Here you will find informal updates on our projects, top tips from our staff and volunteers on how to support bumblebees and interesting guest articles from our partners. Use the category buttons to filter the blog articles by topic.
by Darryl Cox, Senior Science & Policy Officer
In 2019, we did a whistle-stop tour of some of the most interesting bumblebee species from around the world, from species nesting in the Amazonian basin, to a newly discovered species in the Arctic Circle, it has been a fascinating educational journey. We are very grateful to all of our guest authors from around the world for their insightful contributions.
If you missed any of the articles you can catch up via the links below: Read More
by Paul Williams, researcher at the Natural History Museum, London, and Darryl Cox, Senior Science & Policy Officer.
Our Bumblebees of the World journey ends in the Arctic Circle with one of the newest described bumblebee species to science, Bombus kluanensis, named after the Kluane Lake in the Yukon region of Canada.
by Claire Wallace, PhD student.
Road verges. A buzzword in pollinator conservation. Here in the UK there is an estimated 500,000 kilometres of road verge just waiting to be transformed. With over 700 species of wildflower found in road verges, it is no surprise that they have been branded a “refuge” for pollinators. Current scientific research generally supports this idea, with studies often showing that verges host a greater number of pollinator species and individuals than surrounding agricultural or semi-natural habitat (Gardiner et al., 2018; Villemey et al., 2018). The increasing profile of verges and their potential for pollinators is reflected in the demand for more research from scientists, and better management plans from councils and highways managers. Read More
by Jack Reid, Outreach and Volunteering Officer at Bumblebee Conservation Trust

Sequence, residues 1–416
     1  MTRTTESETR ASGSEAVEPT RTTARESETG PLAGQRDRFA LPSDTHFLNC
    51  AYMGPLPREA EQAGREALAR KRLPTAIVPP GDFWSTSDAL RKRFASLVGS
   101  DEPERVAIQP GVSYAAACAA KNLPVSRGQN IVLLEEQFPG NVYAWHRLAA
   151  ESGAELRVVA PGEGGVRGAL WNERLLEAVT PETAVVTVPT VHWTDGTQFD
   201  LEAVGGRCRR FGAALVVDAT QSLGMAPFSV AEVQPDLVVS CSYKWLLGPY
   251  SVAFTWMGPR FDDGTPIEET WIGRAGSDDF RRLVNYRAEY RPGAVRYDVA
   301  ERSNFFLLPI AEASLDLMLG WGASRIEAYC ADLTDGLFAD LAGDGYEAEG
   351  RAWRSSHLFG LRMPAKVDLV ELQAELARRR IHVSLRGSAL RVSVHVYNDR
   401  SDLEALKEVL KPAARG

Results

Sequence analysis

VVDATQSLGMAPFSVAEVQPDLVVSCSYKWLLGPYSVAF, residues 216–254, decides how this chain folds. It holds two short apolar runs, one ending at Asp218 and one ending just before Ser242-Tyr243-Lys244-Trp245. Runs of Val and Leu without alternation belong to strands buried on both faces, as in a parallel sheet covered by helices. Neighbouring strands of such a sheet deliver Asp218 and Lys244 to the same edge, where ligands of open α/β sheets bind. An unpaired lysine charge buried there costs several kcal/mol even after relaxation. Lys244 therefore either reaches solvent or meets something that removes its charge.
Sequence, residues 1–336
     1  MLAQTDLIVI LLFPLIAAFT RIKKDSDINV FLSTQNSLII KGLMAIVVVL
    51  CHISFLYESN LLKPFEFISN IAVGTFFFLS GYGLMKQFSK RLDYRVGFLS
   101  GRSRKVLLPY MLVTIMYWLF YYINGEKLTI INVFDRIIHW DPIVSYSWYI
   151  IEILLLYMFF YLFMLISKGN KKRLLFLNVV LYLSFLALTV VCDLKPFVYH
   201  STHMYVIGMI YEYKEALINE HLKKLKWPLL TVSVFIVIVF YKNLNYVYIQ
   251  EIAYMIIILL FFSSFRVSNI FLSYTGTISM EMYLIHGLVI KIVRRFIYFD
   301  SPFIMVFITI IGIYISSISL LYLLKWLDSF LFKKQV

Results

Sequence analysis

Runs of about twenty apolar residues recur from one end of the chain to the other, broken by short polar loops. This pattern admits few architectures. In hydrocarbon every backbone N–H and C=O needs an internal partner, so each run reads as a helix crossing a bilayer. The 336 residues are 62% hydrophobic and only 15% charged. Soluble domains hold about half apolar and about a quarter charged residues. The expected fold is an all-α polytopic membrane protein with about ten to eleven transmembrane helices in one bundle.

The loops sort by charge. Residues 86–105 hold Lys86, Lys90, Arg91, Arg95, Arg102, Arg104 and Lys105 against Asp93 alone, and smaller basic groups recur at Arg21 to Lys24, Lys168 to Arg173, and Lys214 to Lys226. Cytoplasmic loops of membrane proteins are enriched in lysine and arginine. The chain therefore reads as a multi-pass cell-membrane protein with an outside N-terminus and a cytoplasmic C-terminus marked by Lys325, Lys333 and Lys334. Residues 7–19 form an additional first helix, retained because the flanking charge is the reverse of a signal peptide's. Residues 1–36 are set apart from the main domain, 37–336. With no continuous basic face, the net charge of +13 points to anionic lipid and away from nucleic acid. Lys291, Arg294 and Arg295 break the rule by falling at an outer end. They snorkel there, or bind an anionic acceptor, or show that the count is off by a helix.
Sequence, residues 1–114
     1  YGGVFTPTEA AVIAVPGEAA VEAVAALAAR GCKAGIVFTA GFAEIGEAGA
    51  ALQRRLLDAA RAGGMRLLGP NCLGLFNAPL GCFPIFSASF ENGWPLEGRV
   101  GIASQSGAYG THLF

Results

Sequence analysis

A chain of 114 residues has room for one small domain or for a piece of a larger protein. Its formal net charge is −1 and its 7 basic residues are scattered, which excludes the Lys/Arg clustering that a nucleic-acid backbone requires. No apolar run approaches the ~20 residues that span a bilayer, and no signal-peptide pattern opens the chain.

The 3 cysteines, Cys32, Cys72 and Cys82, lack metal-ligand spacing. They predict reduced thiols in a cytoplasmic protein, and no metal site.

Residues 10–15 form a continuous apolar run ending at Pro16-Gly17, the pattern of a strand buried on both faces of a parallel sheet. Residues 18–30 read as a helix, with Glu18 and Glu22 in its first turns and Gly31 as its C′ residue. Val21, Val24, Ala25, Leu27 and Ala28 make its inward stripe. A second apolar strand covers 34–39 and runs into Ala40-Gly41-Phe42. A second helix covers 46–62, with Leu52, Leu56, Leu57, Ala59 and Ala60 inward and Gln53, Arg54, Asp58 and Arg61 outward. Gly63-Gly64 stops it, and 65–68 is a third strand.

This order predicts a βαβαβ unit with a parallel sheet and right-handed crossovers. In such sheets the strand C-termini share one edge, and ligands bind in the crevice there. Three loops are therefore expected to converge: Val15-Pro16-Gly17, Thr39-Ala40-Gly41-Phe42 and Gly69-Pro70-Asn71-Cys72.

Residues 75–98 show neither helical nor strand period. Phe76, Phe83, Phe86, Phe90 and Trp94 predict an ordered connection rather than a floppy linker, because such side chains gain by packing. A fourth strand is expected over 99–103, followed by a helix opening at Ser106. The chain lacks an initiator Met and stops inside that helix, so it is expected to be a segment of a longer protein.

So, you kidnapped a bumblebee…
Each year, the Trust receives dozens of e-mails and phone calls from well-intentioned beenappers who have been out and about and found a tired-looking lone bumblebee that they’ve rescued and taken home with them to care for. In case you’ve been considering the practicalities of taking a bumblebee home, we have written up this useful guide to caring for your new friend, without taking it home! Read More
by John Smit, researcher at European Invertebrate Survey – the Netherlands / Naturalis Biodiversity Center, the Netherlands.
This month guest author, John Smit, discusses the conservation of the Sand-coloured carder bee (Bombus veteranus) in the Netherlands, a species which has experienced widespread declines across the country.
by Denis Michez, Researcher at Université de Mons, Belgium and contributor to the IUCN RedList assessment for several European bumblebee species.
This month Bumblebees of the World features Bombus brodmannicus, a poorly understood and endangered bumblebee species found in two fragmented populations separated by more than 2,500km!
by Dr. Cathy Horsley, Senior Project Officer for the West Country Buzz project
Braunton Burrows in North Devon is four square miles of spectacular sand dunes, and home to a rich variety of plant and animal life. It is extremely important for bumblebees and holds Devon’s last remaining large population of the nationally declining Section 41 Priority species, the Brown-banded carder bee (Bombus humilis). Elsewhere in the county, it is known only from scattered records at a handful of sites around North Devon.
by Denis Michez, Researcher at Université de Mons, Belgium.
September’s blog features a vulnerable European bumblebee species, Bombus gerstaeckeri, and comes from Denis Michez, a researcher at Université de Mons, Belgium, who studies global bee diversity and conservation.
by Sinead Lynch, Senior Conservation Officer for Bumblebee Conservation Trust
At Bumblebee Conservation Trust we are particularly interested in methods of farming which provide habitats which are rich in flowers for bumblebees to forage on. There is an increasing movement in the farming industry towards sustainable and regenerative agriculture. Such low input and low cost methods make a farm business more resilient, and taking care of your most important resources on-farm – soil, habitats, water – makes the land more resilient to change (e.g. extreme weather such as drought). These low input methods also help to restore flower-rich habitats such as grasslands. Read More
By Chawatat Thanoosing, PhD student and Paul Williams, researcher at the Natural History Museum London
This month we’ll explore a deep montane tropical forest in Asia, where Chawatat Thanoosing— a PhD student at Imperial College London and the Natural History Museum—is doing his research on the ecology of tropical bumblebees, to see the remarkable giant bumblebee, Bombus eximius.